When Jessica Crawford heard money remained available for Cortland’s microenterprise program, she took advantage and applied for her massage and healing business.
As the COVID-19 pandemic arrived and forced her business to close, it became all the more important.
Crawford, the owner of Global Heart Healing and Massage on Main Street in Cortland, was the most recent business owner to be awarded a grant, $21,800, through the program after it was approved Tuesday night by Cortland’s Common Council.
“I’m very excited and very grateful,” she said.
The program helps businesses of five people or smaller, including the employer, create opportunities for workers with low to moderate income and to help businesses grow, said Linda Armstrong, a program manager at Thoma Development Consultants, which administers the program.
Each grant ranges from $5,000 to $35,000 and can be used to buy equipment, machinery, software or other items, she said.
Funding for the program, which last came in 2018, comes from the Community Development Block Grant Program through the federal Department of Housing and Urban Development.
In Cortland, several businesses including Crawford’s, have been awarded money through the program.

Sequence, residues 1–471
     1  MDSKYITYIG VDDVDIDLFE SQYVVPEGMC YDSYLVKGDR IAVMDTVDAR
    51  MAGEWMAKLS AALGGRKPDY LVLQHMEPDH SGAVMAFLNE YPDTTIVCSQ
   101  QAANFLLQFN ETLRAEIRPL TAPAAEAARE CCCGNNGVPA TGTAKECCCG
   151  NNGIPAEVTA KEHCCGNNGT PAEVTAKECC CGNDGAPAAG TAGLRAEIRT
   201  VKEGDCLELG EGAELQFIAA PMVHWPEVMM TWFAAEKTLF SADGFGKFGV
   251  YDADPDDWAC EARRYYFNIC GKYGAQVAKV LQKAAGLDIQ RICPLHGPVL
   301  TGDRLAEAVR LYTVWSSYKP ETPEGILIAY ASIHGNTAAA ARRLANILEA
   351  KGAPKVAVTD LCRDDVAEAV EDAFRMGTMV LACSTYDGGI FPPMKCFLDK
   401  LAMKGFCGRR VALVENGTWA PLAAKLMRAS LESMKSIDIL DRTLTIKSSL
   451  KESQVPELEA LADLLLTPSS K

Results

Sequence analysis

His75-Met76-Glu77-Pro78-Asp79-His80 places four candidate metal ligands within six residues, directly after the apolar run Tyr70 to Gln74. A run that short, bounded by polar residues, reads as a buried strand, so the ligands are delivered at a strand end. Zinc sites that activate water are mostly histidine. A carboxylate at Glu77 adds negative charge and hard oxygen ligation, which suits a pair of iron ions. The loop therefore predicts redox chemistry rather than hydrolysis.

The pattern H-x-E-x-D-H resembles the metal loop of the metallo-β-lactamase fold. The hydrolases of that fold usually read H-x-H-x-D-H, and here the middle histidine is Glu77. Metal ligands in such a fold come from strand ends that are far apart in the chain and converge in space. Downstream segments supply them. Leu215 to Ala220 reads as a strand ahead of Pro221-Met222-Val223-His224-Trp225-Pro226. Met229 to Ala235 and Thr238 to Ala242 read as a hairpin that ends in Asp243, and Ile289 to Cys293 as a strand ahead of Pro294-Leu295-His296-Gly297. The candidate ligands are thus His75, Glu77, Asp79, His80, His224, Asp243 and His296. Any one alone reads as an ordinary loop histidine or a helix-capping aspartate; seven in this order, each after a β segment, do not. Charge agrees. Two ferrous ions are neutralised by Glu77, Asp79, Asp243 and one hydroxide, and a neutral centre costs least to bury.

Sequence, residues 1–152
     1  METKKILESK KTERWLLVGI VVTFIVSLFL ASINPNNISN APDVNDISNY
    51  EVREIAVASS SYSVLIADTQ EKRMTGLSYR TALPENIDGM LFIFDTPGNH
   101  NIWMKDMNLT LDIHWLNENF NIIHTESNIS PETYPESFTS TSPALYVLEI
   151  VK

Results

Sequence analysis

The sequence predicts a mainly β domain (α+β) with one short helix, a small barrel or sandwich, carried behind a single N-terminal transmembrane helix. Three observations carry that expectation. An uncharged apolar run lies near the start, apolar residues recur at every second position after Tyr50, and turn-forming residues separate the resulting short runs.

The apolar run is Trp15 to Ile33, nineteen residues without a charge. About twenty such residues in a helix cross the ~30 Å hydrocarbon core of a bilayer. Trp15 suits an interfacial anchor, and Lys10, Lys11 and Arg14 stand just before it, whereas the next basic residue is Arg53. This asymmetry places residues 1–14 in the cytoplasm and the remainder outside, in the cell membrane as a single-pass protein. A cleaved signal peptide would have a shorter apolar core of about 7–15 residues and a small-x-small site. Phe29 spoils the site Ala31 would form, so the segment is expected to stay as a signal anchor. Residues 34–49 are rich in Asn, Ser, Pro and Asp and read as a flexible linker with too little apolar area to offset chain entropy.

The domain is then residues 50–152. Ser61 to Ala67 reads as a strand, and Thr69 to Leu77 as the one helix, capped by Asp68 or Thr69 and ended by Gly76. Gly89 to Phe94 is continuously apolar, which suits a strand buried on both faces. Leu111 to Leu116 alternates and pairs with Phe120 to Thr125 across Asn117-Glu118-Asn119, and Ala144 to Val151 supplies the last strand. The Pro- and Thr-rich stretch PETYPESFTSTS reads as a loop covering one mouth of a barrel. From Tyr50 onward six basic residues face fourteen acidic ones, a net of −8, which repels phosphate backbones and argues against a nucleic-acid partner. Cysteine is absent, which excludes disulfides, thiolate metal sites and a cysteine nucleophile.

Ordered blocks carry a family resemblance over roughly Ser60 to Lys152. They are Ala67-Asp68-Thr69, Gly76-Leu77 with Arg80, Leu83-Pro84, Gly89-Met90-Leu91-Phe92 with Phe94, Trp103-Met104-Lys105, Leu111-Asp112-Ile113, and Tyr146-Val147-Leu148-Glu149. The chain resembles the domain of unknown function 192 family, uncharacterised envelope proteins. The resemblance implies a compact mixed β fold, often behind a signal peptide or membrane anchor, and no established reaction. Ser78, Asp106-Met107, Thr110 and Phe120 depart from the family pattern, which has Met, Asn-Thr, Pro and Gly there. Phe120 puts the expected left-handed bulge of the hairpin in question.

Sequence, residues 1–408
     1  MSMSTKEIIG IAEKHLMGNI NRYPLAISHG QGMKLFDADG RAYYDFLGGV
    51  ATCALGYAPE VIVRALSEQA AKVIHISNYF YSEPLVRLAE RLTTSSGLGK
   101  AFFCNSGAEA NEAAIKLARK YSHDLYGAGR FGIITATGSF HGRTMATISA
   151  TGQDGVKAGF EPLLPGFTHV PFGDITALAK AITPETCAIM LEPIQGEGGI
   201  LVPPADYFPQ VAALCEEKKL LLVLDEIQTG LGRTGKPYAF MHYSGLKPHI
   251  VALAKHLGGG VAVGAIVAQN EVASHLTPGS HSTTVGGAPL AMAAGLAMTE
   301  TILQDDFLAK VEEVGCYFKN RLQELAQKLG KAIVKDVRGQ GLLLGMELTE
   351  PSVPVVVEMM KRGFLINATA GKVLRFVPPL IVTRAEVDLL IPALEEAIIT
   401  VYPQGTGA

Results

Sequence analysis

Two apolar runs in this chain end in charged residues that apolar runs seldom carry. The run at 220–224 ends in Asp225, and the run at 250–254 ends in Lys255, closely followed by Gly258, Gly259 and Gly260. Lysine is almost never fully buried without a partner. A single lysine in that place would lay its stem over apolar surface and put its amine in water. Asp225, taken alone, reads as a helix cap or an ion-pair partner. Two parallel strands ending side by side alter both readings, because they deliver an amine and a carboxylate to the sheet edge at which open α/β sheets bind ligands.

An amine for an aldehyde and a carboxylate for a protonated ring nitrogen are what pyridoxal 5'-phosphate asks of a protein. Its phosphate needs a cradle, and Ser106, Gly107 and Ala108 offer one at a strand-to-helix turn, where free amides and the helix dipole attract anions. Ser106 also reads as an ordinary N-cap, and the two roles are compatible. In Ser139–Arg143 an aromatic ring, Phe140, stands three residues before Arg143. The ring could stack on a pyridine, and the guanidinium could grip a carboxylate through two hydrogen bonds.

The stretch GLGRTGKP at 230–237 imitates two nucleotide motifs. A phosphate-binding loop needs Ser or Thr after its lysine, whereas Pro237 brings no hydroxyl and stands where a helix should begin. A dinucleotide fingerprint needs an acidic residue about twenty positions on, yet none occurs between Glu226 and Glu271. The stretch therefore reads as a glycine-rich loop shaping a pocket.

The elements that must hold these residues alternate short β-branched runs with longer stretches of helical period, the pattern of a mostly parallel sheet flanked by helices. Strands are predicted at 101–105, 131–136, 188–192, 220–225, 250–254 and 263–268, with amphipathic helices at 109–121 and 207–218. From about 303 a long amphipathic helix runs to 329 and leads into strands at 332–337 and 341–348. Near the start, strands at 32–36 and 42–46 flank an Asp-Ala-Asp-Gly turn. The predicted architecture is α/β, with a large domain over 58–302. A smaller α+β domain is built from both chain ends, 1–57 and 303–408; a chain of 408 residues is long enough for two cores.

One of those is New York Bagel on Main Street. Owner Sandro Mironti said the $30,000 helped the restaurant’s vitality.
“That grant helped this business stay open,” he said, helping him buy an espresso machine, a walk-in freezer and display case.
“We’re in such competition with other coffee makers in town, so we wanted to make sure we offered the best product,” he said.
As part of the agreement, Mironti has hired two more workers, bringing the shop up to six.
Crawford looks to buy sanitizing equipment, a new lighted outdoor sign and updating equipment.
While her business has been closed because of the coronavirus pandemic, she said the money will help when she does reopen.
“Now we can do it absolutely right and move forward confidently,” she said.